The agents released from oak wood are actually quite good - the tannins aren't too bad if it's a look you're after, otherwise a fine mech filter floss and some carbon will also help reduce yellowing for the first month or so that you have the piece in the tank.... I would follow Joels advice above in regards to preparing it - time is your friend, especially with larger pieces.
It's not just tannins - the agents released are shown to display useful anti-bacterial properties and I have seen this myself in fish with split fins etc, the rate at which they heal is quite significantly increased whilst the probability of secondary infection is considerably reduced....
You can see an aquascape I had recently here- http://www.cichlid-forum.com/phpBB/view ... highlight=
I used freshly collected Oak leaves from my local woods, boiled to help them sink but also to ensure that any undesirables don't enter the tank. I've never had any problems, I've also collected my own driftwood and again, never had problems, as long as you have the patience to prepare the piece properly then it's win win.
In case you don't read through it:
1. Only collect hardwood (and of the hardwood's I would avoid Poplar and other soft hardwood's like it.)
A good list can be found here: http://www.ncsec.org/cadre2/team18_2/st ... rdSoft.htm
2. If it's rotting it's no use.
3. If it releases milky sap do not collect it.
4. I look for dry pieces that can be cleaned with a good scrub.
5. I avoid pieces that have splits in them (all sorts of #%$& gets in there).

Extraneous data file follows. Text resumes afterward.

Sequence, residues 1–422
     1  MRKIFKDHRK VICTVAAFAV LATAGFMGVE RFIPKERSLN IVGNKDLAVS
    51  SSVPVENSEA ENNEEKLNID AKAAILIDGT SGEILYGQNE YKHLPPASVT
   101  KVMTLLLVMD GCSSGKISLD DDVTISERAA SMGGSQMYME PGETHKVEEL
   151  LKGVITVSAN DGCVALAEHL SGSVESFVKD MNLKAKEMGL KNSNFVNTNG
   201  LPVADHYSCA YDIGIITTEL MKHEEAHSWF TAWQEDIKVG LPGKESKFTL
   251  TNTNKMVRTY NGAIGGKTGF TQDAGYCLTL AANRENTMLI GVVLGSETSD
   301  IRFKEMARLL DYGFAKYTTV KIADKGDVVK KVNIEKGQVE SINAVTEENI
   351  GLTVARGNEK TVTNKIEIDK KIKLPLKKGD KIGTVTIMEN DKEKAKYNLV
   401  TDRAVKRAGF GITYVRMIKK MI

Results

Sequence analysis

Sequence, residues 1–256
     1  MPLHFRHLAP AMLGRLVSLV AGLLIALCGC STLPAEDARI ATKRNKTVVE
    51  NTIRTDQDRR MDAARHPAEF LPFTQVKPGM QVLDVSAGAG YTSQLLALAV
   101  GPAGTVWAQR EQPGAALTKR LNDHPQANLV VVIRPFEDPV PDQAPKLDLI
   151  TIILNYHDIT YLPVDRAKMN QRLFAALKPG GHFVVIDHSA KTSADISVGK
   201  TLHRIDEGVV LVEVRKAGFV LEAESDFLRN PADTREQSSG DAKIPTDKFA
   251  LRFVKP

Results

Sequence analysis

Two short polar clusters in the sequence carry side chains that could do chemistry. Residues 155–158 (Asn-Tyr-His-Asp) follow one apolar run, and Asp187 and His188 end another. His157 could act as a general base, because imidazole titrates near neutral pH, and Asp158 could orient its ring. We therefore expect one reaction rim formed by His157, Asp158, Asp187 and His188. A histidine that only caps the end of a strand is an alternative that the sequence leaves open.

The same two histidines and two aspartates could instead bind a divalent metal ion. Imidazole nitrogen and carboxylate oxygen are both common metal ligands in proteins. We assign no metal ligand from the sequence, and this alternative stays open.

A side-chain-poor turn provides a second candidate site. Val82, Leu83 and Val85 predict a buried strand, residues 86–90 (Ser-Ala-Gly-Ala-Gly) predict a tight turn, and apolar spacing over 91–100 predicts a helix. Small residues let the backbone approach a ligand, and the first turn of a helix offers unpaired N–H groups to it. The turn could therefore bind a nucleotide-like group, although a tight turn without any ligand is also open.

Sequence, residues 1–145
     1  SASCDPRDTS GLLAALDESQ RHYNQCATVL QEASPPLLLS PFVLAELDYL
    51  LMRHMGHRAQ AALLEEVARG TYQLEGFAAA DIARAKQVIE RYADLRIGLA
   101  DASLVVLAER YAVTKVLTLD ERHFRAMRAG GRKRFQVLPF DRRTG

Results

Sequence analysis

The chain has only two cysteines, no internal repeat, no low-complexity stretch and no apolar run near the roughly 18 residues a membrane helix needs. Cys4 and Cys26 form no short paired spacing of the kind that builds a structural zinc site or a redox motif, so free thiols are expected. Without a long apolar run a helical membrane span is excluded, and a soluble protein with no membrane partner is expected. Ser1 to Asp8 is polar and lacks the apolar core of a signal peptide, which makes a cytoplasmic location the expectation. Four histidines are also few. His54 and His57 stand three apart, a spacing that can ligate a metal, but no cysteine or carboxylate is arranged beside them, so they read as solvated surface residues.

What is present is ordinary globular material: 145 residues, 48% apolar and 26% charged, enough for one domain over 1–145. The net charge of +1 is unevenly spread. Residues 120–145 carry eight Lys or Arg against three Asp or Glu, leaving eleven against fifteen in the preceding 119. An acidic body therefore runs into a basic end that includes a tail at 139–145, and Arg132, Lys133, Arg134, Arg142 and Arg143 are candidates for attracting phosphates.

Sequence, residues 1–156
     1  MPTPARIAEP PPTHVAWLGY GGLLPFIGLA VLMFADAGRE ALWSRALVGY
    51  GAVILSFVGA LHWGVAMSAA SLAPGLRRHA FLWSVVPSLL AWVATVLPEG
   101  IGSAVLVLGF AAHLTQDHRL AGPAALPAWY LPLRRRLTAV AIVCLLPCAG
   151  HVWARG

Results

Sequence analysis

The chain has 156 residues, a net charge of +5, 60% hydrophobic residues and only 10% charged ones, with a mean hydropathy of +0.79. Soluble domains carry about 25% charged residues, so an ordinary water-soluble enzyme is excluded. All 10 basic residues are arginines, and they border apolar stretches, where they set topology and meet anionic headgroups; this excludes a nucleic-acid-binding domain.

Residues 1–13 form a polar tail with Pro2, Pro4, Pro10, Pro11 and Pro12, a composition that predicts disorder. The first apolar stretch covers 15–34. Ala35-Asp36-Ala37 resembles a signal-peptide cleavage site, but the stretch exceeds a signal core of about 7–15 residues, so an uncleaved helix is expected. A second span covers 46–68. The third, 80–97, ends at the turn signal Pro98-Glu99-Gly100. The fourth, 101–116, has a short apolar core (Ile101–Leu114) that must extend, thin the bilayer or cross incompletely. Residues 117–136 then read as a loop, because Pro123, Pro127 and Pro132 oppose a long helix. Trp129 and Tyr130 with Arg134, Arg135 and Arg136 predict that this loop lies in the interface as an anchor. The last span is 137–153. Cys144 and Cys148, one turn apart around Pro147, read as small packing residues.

6. Sand blasting is really effective... Hint hint. It helps bring out the softer wood on the surface leaving the harder wood in ridges etc - much more interesting contours.
7. Softer woods can be treated (much like mopani is) by burying them in the ground and letting them bake (under hot sun in their case) for a good couple of weeks, this makes them a lot more resistant to rot and also makes them that bit more durable.
8. Soak it, for a long time, you want to get as much of the tannins out as possible and as much water in (so it sinks).
9. If the soaking is taking you too long then you can boil it up a few times each day or every few days to really speed up the rate at which the tannins are released as well as the saturation of the wood - it is still going to take a fair while, especially with dry or larger pieces.
I generally say avoid softer woods because it is with softer woods you'll have the biggest mold/break-down issues in the tank, it doesn't take very long either.